Bolivia bets on lithium
22 July, 2017
The Bolivian government aims to pump massive investments to expand the country's production of lithium, a metal needed for the batteries that power almost everything, news wires reported. Bolivian President Evo Morales sees a prosperous future for his impoverished nation, pinning his hopes on the rapid rise in the global price of this valuable resource. “We will develop a huge lithium industry, over $800 million have already been made available,” he told the DPA news agency.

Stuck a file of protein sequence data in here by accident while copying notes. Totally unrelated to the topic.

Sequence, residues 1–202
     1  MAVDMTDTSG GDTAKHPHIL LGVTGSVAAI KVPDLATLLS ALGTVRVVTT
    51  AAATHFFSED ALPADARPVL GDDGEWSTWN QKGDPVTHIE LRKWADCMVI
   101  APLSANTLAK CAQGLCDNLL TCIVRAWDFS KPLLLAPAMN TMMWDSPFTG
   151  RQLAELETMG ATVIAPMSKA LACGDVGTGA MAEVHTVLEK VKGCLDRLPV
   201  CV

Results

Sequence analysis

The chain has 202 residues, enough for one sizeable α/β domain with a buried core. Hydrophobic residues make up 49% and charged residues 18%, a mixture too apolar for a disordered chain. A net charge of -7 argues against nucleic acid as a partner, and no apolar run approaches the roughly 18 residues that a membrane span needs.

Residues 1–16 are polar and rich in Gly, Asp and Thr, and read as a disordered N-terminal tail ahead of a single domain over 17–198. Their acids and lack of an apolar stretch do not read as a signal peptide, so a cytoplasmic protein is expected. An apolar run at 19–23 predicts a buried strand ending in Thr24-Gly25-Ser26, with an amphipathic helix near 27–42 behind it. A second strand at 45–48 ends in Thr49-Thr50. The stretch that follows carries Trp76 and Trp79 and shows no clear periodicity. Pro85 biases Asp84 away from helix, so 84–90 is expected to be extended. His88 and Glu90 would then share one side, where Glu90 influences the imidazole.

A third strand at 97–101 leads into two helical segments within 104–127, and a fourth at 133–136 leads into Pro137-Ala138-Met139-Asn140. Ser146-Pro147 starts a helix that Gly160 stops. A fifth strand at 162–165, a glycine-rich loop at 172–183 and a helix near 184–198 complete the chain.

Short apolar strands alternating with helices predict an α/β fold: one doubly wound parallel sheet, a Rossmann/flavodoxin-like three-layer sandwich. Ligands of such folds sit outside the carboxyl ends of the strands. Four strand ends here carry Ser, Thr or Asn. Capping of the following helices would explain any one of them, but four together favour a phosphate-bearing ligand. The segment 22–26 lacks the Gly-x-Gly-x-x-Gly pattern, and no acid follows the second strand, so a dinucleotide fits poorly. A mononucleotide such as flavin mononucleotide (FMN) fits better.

Lithium, the lightest of all metals, is the key ingredient in lithium-ion batteries, which are currently the best available technology for powering a range of products, including mobile phones and e-cars. Lithium-ion battery production is forecast to double to eight billion cells by 2025. And the world price for lithium carbonate has almost doubled in a short span of time to about $13,000 per tonne.
Salt flats in the highlands of Bolivia are thought to hold millions of tonnes of untapped lithium reserves. According to the US Geological Survey, the Salar de Uyuni salt flats in the country alone contain 9 million tonnes of lithium, over a quarter of the world's known reserves. In total, Bolivia is estimated to possess about half of the world's lithium.